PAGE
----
The first Austrian ducat was issued sometime in the early 16th century. Its prominence as a trade coin would become apparent with the enlargement of the Austrian Empire in 1816. Comprised of twelve different countries, the Austrian Empire was a multinational realm that contained Europe’s third largest population. It was a dynamic economy thatheavily depended on trade, a function that the Austrian gold ducat helped tofacilitate. However, the ducat was not the sole gold coin used in the AustrianEmpire at that time. Decimal coinage that contained a lower gold fineness, whichmade it more suitable for handling, was preferred for day-to-day affairs. Thesecoins circulated side by side with the ducat and included the Austrian goldgulden and crown, and the Hungarian gold forint. Nevertheless, Austrian ducatswere still the favoured gold coins for settling commerce transactionsthroughout the Austrian Empire and beyond.
The Franz Joseph ducat is the most treasured gold coin in Central Europe
Ducats carrying the design of Franz Joseph are themost famous version of the Austrian gold ducats. Its popularity stems from thefact that Franz Joseph was looked upon as a patriarchal authority that held the Empire together, drawing respect from his subjects. Franz Joseph ascended tothe throne in 1848, but his first two decades of reign would prove to be tumultuous,contradicting his reputation of being able to reign over the region with a firmgrip. At the Battle of Solferino in Italy in 1859, inexperienced in militarism,Franz Joseph allowed himself to command the troops and he lost the battleagainst the French and Italian armies, forcing him as a result to give upLombardy (the Milan region) to the allies. In 1866, he lost the Austro-Prussianwar, which meant he had to cede Austrian control of the Venetian region toPrussia’s ally, the Italian King Vittorio Emanuele. One short year later,nationalist sentiment in Hungary forced Franz Joseph to grant the countrygreater autonomy, creating the Austro-Hungarian Empire in the process. In spiteof these missteps, beginning with 1867 and onwards, he would rule peacefully andsuccessfully until his death in 1916.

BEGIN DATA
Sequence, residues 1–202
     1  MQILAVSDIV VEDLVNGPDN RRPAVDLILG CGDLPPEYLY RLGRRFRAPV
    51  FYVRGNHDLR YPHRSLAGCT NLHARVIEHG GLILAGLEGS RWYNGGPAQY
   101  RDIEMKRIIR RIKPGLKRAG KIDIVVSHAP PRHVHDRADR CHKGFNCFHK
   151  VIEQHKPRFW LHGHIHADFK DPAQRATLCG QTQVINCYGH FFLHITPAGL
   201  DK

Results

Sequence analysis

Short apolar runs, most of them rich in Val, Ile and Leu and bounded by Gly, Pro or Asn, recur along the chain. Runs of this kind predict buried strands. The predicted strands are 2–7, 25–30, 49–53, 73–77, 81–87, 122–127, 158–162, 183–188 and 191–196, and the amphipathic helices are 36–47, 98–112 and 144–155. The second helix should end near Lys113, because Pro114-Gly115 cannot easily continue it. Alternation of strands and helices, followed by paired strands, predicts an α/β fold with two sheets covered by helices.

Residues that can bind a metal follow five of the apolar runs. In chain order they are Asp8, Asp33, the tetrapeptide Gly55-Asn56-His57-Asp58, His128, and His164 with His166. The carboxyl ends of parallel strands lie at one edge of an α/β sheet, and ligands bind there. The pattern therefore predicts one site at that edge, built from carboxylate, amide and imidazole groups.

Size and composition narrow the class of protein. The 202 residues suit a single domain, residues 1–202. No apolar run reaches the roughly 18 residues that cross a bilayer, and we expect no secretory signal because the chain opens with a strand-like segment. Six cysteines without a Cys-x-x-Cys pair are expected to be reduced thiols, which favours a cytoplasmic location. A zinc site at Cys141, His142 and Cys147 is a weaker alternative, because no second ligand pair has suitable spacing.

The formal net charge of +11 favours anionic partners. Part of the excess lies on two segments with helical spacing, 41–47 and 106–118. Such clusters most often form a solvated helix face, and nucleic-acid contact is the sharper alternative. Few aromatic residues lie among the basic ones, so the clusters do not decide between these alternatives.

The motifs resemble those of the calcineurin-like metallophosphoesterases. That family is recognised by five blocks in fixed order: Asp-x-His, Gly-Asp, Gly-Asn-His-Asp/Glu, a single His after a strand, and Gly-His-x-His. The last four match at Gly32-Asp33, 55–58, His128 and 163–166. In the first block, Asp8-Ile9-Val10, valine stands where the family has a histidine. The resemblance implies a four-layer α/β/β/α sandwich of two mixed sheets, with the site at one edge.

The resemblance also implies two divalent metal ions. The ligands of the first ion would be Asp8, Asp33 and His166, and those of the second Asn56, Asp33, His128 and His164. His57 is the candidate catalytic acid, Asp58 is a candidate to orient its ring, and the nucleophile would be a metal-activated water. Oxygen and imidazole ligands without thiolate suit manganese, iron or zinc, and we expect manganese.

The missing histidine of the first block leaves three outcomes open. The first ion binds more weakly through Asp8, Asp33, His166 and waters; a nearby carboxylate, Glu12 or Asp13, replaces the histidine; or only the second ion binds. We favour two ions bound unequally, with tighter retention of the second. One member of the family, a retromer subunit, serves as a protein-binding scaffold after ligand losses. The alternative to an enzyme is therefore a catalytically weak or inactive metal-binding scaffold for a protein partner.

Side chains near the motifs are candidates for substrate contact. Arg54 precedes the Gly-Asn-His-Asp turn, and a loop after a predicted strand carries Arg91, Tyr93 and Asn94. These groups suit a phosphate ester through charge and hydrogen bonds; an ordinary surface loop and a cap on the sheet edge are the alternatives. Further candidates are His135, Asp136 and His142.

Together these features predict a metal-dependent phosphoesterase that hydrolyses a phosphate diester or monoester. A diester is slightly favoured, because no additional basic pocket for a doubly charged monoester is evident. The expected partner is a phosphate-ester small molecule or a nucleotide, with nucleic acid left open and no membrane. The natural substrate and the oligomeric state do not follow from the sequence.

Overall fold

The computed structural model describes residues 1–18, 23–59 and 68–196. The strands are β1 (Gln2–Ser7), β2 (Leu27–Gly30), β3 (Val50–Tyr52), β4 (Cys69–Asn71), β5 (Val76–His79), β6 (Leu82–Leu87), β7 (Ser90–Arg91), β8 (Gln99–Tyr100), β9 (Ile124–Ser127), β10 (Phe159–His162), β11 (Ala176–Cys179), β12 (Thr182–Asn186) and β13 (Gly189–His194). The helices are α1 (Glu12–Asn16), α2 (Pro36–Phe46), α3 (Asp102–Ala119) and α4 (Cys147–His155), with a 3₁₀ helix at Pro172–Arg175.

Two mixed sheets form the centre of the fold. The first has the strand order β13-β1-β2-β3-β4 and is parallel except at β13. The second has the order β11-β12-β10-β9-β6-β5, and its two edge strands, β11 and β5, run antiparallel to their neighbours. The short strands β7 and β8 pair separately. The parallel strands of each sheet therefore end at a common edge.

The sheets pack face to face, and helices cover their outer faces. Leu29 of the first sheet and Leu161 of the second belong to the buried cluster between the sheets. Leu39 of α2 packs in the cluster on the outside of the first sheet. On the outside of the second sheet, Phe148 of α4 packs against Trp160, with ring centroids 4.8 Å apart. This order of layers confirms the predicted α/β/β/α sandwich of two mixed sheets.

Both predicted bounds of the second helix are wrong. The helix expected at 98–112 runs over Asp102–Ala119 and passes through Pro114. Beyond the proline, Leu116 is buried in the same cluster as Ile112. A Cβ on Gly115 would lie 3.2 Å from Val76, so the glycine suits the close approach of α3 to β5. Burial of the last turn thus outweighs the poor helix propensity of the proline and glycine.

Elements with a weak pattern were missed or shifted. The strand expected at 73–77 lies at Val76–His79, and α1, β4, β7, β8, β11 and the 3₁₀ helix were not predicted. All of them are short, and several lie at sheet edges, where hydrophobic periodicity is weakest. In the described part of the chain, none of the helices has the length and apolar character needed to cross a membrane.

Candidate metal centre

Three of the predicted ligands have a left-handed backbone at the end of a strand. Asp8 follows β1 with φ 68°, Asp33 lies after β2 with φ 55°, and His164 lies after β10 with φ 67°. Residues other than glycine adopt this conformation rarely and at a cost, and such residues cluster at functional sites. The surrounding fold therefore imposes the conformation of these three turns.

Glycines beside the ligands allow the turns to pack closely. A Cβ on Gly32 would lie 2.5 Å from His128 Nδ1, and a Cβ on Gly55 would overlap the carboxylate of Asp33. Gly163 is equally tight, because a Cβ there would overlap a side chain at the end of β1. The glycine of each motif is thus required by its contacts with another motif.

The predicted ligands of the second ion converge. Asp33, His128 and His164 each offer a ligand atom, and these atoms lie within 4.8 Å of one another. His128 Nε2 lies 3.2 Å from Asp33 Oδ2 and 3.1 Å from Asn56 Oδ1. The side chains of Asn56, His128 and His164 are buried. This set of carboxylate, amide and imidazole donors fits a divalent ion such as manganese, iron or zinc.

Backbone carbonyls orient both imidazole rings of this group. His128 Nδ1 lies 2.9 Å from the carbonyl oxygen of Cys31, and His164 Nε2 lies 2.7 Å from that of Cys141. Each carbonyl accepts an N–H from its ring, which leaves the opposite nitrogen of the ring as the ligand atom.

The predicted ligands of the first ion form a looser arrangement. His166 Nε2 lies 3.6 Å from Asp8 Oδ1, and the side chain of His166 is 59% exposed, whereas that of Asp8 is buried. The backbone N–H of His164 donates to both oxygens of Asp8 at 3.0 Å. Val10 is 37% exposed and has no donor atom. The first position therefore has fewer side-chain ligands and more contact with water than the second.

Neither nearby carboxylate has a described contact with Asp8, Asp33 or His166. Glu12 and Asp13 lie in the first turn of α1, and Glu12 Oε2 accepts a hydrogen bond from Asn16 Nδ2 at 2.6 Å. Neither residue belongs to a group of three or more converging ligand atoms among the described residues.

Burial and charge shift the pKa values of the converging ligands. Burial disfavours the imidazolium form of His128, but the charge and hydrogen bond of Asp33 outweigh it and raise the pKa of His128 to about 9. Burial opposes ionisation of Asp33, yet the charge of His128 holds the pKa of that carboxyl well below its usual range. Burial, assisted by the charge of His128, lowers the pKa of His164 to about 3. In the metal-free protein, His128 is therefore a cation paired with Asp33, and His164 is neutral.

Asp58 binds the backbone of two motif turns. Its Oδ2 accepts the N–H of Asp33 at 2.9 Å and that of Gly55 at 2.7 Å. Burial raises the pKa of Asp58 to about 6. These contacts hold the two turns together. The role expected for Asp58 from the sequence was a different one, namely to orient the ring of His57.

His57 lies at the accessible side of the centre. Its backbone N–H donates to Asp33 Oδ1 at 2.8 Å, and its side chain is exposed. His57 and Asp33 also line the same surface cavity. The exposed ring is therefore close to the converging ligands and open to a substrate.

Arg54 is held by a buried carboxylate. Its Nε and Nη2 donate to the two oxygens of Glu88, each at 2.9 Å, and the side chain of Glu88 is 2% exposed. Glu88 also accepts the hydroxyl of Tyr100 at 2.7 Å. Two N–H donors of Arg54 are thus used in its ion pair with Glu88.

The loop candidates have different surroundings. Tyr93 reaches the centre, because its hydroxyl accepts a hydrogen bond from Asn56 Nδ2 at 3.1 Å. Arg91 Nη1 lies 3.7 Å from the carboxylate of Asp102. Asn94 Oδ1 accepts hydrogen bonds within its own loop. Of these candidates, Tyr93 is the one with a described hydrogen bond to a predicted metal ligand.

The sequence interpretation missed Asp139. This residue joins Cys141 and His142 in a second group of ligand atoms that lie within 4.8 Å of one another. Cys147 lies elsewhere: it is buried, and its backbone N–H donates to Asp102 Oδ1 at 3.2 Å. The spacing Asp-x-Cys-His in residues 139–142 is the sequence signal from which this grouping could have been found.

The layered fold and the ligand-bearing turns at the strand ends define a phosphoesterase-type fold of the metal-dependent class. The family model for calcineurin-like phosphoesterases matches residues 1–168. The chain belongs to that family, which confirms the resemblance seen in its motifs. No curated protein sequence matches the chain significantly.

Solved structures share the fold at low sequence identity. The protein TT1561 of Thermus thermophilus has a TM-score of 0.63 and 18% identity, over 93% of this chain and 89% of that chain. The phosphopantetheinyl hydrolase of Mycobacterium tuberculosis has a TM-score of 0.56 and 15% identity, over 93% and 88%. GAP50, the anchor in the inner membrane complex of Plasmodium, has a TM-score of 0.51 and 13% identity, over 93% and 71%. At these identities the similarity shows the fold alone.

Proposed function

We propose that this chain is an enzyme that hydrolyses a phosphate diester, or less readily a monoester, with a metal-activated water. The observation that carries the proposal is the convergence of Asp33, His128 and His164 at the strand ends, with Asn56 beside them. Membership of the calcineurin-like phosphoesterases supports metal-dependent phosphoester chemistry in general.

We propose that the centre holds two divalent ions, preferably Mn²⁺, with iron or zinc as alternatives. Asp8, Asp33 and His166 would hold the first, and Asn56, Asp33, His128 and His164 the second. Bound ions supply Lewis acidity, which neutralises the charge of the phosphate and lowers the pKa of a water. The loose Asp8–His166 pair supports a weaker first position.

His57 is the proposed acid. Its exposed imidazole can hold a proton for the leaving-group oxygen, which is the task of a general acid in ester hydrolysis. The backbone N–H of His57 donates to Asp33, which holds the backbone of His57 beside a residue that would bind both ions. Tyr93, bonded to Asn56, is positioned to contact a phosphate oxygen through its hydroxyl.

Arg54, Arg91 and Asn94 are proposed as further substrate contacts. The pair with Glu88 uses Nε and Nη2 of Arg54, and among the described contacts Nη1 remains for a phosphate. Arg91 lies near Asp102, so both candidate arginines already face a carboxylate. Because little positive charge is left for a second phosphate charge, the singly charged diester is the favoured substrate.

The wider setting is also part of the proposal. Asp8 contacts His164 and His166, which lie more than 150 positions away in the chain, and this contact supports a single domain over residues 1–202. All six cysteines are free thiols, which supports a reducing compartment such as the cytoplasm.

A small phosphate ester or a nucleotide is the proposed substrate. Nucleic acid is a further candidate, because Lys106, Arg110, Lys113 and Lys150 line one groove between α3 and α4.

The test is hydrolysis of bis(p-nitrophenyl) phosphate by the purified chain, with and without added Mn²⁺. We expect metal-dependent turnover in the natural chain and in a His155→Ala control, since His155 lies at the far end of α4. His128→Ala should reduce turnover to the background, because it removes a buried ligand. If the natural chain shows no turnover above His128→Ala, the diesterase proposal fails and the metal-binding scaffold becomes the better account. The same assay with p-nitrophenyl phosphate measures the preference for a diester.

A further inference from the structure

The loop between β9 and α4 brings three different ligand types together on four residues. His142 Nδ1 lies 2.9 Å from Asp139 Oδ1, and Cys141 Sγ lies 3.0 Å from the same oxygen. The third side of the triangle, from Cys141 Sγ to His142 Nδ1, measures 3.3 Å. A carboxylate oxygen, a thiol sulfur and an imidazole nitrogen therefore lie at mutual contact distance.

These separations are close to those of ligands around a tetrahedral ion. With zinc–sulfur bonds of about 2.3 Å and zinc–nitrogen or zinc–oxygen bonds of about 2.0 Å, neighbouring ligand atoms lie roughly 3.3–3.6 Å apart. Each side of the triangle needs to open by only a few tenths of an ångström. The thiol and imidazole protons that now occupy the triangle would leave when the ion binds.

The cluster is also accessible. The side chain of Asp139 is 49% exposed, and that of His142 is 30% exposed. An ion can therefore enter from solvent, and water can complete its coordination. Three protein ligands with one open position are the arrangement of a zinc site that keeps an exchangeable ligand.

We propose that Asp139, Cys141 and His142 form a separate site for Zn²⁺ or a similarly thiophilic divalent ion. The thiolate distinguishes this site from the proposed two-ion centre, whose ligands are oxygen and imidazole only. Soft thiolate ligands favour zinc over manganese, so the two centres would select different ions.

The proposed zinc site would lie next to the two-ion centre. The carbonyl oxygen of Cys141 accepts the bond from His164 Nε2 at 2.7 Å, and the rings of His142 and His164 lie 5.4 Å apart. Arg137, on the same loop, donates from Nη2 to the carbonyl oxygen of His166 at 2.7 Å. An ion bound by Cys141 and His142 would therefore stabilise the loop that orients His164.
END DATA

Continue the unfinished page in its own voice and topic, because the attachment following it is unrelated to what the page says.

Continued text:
During this period of concord, the Austro-Hungarian Empire prospered. Industry expanded, artistic and scientific segments ofsociety were thriving, especially in Austria, the infrastructure was beingmodernised, railroad networks, river channels and ports were being constructedthroughout the dual monarchy, Hungary became a leading source of food for the restof Europe, and the Empire as a whole became the world’s fourth largest machinemanufacturer. With incomes rising and trade flourishing, Franz Joseph’s reignbecame naturally associated with a time of “plenty”, boosting his popularity asa consequence. He was particularly popular among the more conservative layers of Austrian society, and he likewise drew a strong loyal following in Slovenia,Croatia, Hungary and in the Czech Republic. The act of handing out Franz Joseph ducats to the parents of a newborn child, to newlyweds, or as a memorable gift in general became a tradition which is still being practised in the former countries of the Austro-Hungarian Empire.
The Austrian Mint, a subsidiary of Austria’s Central Bank, is a world renowned mint which dates back to the 12th century. The story of the Austrian Mint begins in 1194, when Richard the Lionheart paid 12 tonnes of silver to secure his freedom from imprisonment by the Austrian Duke Leopold V. The Duke would later use the silver to strike silver coins, thus laying the foundation for the Austrian Mint. In its rich and long history, the Austrian Mint has produced many of Europe’s most famous and widely used coins, including gold crowns, guilders, ducats and silver coins such as the Maria Theresa thaler. Many of the gold coins issued by the Austrian Mint were extensively used in trade during the Austro-Hungarian Empire, while the silver thaler proved to be one of the most minted and widely used silver coins in global commerce between 1750 and the 1950s. Today, the mint is best recognised for producing Europe’s most desired investment bullion coins, the Gold and Silver Philharmonic bullion coins.
The obverse portrays the effigy of Emperor Franz Joseph crowned with a laurel. The title “FRANC IOS I D G AUSTRIAE IMPERATOR”, which translates as “Franz Joseph 1, by the grace of God, Emperor of Austria”, surrounds his portrait.
The reverse displays the coat of arms of the House of Habsburg, surrounded by the text “HVNGAR BOHEM GAL LOD ILL REX AA 1915”, which translates as “Hungary, Bohemia, Galicia, Lodomeria, Illyria, King and Archduke of Austria 1915”.